Chinese companies are getting more creative in the business of money lending as they struggle to keep profits ticking over in a cooling economy, raising concerns they are adding to the mountain of debt risks building in the world's No.2 economy. _0"> Big state companies in industries struggling with over-capacity but with easy access to credit are borrowing funds, not to invest in their business but to lend to smaller firms sometimes at several times the official interest rate, part of an informal lending market in China that authorities are taking aim at. China's central bank increased pressure on banks to rein in such informal lending and speculative trading last week in money markets, letting short-term interest rates spike to extraordinary levels. In the $3.7 trillion so-called shadow banking market, the fastest growing area is in so-called entrusted loans, which are arranged by banks on the companies' behalf, and in bankers' acceptance notes, tradable

When the Ben and Beijing party comes to an end

Through the dark days of the financial crisis, and the grey days of the halting recovery that have followed, investors have always been able to count on backing from two sources - Ben Bernanke and Beijing. They have provided stimulus, mainly by pumping funds into the U.S. and Chinese economies in various ways, when other pillars of support had become unreliable. That helps to explain why global financial markets took such a beating last week when both signaled that they are getting tired of being leant on so heavily. Bernanke, the chairman of the U.S. Federal Reserve, set a timetable at last week's Fed meeting for the central bank to reduce the size of its bond buying program with a view to ending it by the middle of next year. Meanwhile, his counterparts at the People's Bank of China (PBOC) engineered a cash crunch as a warning to overextended banks - and this from a central bank that has previously always provided liquidity when cash conditions tightened. A lot will n

Analysis: Electing the EU Commission chief - a dumb bright idea?

It seemed like a bright idea at the time. By linking the choice of president of the executive European Commission to the European Parliament elections in the 2009 Lisbon Treaty, EU leaders hoped to reverse rising abstentionism and overcome Europe's widely bemoaned "democratic deficit". If voters around the soon-to-be-28-nation European Union were given a real policy choice personified by a single candidate, they would identify more easily with "Europe" and vote in greater numbers, the theory went. That in turn would give greater legitimacy to the European Commission, which proposes and enforces EU laws but which critics often denigrate as unelected and undemocratic. "For the first time these could be genuine 'European' elections, the outcome of which will shape European politics for at least the next five years," said Simon Hix, professor of European governance at the London School of Economics. "It will be the first time we, as Eur

White House expects Russia to look at all options to expel Snowden back to U.S.

The White House on Monday said it expects the Russian government to "look at all options available" to expel former government contractor Edward Snowden back to the United States to face espionage charges. _0"> The White House National Security Council spokeswoman Caitlin Hayden said the United States also registered strong objections to authorities in Hong Kong and China through diplomatic channels at the decision to let Snowden flee. And "noted that such behavior is detrimental to U.S.-Hong Kong and U.S.-China bilateral relations," Hayden said. (Reporting by Steve Holland; Editing by Stacey Joyce)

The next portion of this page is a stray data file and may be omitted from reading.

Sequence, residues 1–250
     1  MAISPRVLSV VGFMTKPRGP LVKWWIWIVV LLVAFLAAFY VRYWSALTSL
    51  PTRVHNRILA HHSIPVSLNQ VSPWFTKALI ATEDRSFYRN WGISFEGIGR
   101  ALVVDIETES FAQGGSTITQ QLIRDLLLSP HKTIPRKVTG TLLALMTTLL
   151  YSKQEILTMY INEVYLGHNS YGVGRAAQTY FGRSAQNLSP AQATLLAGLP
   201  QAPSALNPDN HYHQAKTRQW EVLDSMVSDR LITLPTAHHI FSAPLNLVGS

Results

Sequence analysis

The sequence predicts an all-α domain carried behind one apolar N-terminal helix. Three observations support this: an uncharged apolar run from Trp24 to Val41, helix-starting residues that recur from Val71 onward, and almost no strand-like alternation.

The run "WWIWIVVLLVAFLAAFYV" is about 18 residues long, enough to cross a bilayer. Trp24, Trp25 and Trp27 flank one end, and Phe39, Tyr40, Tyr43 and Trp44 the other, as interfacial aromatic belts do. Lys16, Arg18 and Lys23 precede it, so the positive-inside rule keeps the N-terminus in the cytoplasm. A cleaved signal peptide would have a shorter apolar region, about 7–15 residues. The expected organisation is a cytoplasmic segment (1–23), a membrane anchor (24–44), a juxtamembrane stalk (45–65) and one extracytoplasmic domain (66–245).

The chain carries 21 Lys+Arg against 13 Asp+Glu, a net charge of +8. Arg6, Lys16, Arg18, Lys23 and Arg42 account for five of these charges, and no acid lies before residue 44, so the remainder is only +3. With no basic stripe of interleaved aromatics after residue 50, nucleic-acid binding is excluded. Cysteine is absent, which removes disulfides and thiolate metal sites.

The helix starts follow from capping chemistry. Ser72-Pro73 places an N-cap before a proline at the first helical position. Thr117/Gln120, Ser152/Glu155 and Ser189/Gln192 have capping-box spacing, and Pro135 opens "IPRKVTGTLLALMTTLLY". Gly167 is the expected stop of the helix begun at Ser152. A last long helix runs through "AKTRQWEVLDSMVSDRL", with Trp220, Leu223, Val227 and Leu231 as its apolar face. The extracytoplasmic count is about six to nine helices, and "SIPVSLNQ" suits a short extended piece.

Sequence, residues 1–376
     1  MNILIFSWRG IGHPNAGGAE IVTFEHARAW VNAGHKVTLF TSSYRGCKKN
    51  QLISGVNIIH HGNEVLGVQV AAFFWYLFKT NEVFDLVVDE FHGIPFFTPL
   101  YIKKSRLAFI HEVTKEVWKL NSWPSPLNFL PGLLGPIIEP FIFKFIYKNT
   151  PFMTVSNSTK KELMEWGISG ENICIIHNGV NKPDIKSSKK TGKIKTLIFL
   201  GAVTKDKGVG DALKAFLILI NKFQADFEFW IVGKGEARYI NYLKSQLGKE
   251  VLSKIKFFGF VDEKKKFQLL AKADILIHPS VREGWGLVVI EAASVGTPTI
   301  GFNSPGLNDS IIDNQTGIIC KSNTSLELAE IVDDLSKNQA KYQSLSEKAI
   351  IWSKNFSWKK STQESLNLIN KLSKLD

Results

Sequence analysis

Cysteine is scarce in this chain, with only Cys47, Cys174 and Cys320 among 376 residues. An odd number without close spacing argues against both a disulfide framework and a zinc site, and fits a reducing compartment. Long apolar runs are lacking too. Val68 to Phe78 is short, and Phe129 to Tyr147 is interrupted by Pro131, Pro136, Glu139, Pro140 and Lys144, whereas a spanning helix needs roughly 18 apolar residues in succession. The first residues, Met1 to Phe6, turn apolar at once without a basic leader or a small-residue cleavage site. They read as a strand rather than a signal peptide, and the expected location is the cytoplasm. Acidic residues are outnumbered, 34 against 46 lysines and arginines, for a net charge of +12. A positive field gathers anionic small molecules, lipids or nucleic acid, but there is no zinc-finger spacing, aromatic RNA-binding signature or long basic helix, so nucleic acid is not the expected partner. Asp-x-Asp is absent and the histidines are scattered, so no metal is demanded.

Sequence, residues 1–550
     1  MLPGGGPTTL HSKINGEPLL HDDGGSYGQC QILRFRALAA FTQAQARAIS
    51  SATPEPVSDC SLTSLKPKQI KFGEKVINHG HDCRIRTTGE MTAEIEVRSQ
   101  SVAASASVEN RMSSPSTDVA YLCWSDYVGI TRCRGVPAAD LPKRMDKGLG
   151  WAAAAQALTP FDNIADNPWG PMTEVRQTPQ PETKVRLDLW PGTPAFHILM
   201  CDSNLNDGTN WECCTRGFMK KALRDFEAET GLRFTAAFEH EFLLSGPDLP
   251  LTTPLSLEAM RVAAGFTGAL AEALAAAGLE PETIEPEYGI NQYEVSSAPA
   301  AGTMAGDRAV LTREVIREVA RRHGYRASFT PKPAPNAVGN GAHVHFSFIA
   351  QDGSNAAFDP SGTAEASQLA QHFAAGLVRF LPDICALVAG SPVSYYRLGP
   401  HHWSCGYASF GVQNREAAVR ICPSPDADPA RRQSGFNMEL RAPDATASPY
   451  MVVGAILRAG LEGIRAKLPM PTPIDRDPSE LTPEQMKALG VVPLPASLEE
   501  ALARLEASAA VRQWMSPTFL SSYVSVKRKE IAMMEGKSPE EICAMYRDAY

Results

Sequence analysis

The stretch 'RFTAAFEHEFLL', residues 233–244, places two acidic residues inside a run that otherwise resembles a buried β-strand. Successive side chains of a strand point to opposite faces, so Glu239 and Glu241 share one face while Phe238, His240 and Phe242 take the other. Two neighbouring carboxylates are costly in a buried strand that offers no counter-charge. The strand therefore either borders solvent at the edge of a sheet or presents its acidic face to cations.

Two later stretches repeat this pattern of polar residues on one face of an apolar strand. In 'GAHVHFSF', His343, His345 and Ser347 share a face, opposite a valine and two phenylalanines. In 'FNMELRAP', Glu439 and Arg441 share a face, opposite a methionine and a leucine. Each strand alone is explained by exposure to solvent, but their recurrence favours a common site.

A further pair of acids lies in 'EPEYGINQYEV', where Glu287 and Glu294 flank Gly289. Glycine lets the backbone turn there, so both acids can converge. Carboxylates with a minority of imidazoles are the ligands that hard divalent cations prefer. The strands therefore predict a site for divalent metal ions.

South Africans resigned over 'critical' Mandela

South Africans adopted a mood of sombre resignation on Monday to the inevitability of saying goodbye to former president Nelson Mandela after the 94-year-old anti-apartheid leader's condition in hospital deteriorated to critical. Madiba, as he is affectionately known, is revered among most of South Africa's 53 million people as the architect of the 1994 transition to multi-racial democracy after three centuries of white domination. However, his latest hospitalization - his fourth in six months - has reinforced a realization that the father of the post-apartheid "Rainbow Nation" will not be around for ever. President Jacob Zuma, who visited Mandela late on Sunday with African National Congress (ANC) Deputy President Cyril Ramaphosa, reflected the national mood when he told a news conference that Mandela remained critical. "All of us in the country must accept that Madiba is now old. As he ages, his health will trouble him," Zuma said, declining to give

Softbank closer to acquiring Sprint after Dish abandons bid for now

Japan's SoftBank Corp ( id="symbol_9984.T_0"> 9984.T ) cleared a major hurdle in its attempt to buy U.S. wireless provider Sprint Nextel Corp ( id="symbol_S.N S.N ), as rival bidder Dish Network Corp ( id="symbol_DISH.O DISH.O ) declined to make a new offer after SoftBank sweetened its own bid last week. _1"> SoftBank Chief Executive Masayoshi Son is now a step closer to sealing the largest overseas acquisition by a Japanese company in history, after winning support from a key shareholder by raising SoftBank's offer to $21.6 billion from $20.1 billion last week. _2"> Son, a rare risk-taker in a cautious Japanese corporate environment, has been determined to thwart a rival bid from Dish - led by Chairman Charlie Ergen, known for aggressive takeover attempts - in an effort to break into the U.S. market. "We look forward to receiving the FCC (Federal Communications Commission) and shareholder approvals which will allow us to close i

Apple warns of "chilling effect" as antitrust trial ends

Apple Inc, on trial for allegedly colluding to raise the price of e-books, said on Thursday an adverse ruling would have a "chilling effect" on how businesses investigate new markets. If Apple was found guilty, it would "send shudders through the business community" by condemning the ordinary negotiations that companies undertake to enter new markets, the company's lawyer, Orin Snyder, said on the last day of the trial. "We submit a ruling against Apple on this record sets a dangerous precedent," Snyder said. The U.S. Justice Department accuses Apple of conspiring with U.S. publishers beginning in late 2009 to increase the price of e-books in an effort to undercut the pricing established by then-dominant Amazon.com Inc. The publishers have settled with the government. Throughout closing arguments Thursday, Apple found itself fighting back against tough questioning by U.S. District Judge Denise Cote. At one point on Thursday, Cote asked if it was